People with low vision can use some visual information. Depending on their visual ability they might have specific issues such as difficulty discriminating foreground information from background information, or discriminating colors. Glare caused by excessive scattering in the eye can be a significant challenge, especially for very bright content or surroundings. They may be unable to react quickly to transient information, and may have a narrow angle of view and so may not detect key information presented temporarily where they are not looking, or in text that is moving or scrolling. A person will likely use screen magnification software. This means that they will only be viewing a portion of the screen, and so must manage content (e.g., pop-up windows or dynamic prompts) via their AT. They may have difficulty reading when text is too small, has poor background contrast (too high or too low), or when outlined or other fancy font types or effects are used. If the font is an image, it is likely to appear grainy when magnified. They may be using an AT that adjusts all the colors of the screen, such as inverting the colors, so the content must be viewable through the AT. Users with low vision will often benefit from the same augmented content or instructions that are sometimes hidden or displayed off screen for users of screen readers or refreshable Braille.

1.3 Visual: Atypical color perception

People with atypical color perception (often called "color blindness") may not be able to discriminate between different colors, or may miss key information when coded with color only, such as colors in selection boxes or prompts embedded in input fields.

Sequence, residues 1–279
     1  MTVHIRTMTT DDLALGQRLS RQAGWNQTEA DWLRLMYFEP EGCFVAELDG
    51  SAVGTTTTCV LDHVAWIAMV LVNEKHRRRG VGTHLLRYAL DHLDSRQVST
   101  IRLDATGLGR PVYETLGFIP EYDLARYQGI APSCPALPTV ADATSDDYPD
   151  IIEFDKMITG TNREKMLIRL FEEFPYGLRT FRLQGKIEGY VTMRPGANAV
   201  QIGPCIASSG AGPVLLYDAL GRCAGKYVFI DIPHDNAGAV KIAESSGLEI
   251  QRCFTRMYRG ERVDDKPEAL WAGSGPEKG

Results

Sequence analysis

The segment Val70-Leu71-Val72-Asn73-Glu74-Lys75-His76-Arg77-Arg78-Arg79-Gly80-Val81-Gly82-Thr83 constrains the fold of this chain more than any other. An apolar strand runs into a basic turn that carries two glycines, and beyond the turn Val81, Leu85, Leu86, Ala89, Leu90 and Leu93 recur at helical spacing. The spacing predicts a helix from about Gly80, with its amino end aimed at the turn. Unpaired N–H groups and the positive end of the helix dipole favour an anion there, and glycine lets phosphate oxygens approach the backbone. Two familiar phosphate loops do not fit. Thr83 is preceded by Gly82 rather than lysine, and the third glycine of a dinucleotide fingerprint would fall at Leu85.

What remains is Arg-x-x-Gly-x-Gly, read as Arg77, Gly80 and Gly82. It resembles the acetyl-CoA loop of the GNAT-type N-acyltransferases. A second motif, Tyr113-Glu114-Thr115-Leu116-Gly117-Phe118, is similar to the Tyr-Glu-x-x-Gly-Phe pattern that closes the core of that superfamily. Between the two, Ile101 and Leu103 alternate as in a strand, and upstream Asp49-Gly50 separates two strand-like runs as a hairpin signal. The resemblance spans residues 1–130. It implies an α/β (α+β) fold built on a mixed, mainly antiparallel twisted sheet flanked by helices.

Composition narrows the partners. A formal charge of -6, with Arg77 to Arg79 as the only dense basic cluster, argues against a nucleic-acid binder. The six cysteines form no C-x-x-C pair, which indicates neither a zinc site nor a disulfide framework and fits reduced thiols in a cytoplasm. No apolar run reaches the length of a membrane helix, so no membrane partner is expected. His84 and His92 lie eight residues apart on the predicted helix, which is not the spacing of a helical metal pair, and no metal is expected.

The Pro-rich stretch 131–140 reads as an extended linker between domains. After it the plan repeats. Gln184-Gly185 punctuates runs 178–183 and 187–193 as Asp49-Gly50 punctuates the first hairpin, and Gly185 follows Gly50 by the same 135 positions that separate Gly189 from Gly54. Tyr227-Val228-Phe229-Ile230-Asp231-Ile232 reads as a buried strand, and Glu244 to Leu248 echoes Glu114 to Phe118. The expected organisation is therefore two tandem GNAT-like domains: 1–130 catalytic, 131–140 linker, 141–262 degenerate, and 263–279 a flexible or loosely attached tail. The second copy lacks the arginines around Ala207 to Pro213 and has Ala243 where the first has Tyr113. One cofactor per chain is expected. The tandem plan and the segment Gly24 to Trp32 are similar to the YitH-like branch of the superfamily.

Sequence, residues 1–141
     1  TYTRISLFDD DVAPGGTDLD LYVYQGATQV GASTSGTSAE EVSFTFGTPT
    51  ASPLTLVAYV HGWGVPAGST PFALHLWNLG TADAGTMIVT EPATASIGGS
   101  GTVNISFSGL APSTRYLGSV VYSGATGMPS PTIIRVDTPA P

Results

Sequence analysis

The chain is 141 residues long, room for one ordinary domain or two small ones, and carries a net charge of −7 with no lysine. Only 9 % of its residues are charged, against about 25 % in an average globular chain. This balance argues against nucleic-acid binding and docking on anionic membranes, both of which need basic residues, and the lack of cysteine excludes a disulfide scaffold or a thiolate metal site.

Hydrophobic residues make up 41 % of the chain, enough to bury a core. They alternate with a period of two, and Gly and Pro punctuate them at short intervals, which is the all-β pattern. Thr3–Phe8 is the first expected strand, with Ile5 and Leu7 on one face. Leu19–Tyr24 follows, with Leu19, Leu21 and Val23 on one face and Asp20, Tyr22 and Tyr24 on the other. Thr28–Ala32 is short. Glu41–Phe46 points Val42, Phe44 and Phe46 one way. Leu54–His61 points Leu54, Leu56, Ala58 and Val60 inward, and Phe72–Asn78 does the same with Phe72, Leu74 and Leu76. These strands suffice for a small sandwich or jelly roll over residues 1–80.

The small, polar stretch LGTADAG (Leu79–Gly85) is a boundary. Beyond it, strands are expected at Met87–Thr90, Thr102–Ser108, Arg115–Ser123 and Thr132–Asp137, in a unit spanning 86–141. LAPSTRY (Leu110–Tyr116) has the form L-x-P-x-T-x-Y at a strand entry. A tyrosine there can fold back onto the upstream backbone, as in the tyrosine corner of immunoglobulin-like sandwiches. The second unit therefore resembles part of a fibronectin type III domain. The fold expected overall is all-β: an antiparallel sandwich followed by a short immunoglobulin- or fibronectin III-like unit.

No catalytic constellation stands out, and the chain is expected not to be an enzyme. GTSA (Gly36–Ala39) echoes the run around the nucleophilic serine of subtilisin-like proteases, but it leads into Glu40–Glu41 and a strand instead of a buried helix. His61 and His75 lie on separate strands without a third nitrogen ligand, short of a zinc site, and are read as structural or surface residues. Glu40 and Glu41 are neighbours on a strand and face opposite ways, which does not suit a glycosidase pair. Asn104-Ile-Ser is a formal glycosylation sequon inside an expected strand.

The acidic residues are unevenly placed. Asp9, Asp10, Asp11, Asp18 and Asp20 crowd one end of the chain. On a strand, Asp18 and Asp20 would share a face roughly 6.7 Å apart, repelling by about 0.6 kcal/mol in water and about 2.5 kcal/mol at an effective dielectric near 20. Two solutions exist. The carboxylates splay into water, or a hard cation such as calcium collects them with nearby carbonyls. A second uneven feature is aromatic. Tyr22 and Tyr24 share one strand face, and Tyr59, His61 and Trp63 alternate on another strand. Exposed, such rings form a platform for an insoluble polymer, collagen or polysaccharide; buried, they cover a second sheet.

1.4 Auditory & Visual: Deaf-blind

Individuals who are deaf-blind have a combination of conditions that may result in one of the following: blindness and deafness; blindness and difficulty in hearing; low vision and deafness; or low vision and difficulty in hearing. Depending on their combination of conditions, individuals who are deaf-blind may need text that can be enlarged, changed to high-contrast colors, or otherwise styled; or they may need text that can be presented with AT (e.g., a refreshable Braille display).

1.5 Physical impairment

Some people with physical disabilities such as limited muscle control (including tremors, lack of coordination, and paralysis), pain that impedes movement, or missing limbs, cannot use a keyboard or mouse to interact with content and controls. Some use a keyboard but not a pointing device, some use a switch with an on-screen keyboard, and some use other assistive technology. The content must be usable with only a keyboard, including making selections of items that might have otherwise been done with a pointing device.

1.6 Cognitive disabilities

Cognitive disabilities include a wide range of conditions that may include intellectual disabilities (called learning disabilities in some regions), autism-spectrum disorders, memory impairments, mental-health disabilities, attention-deficit disorders, audio- and/or visual-perceptive disorders, dyslexia and dyscalculia (called learning disabilities in some regions), or seizure disorders. The accessibility supports for these different conditions vary widely. Individuals with some conditions may process information aurally better than by reading text; therefore, information that is presented as images (e.g., a so-called captcha image) should also be available as audio descriptions. Individuals with other conditions may need to reduce distractions or flashing. Some conditions, such as autism-spectrum disorders, may have multisystem effects. Individuals may need a combination of different accommodations. Overall, the user experience for people on the autism spectrum should be customizable and well designed so as to not be overwhelming. Care must be taken to present an experience that focuses on the purpose of the content and provides alternative content in a clear, concise manner.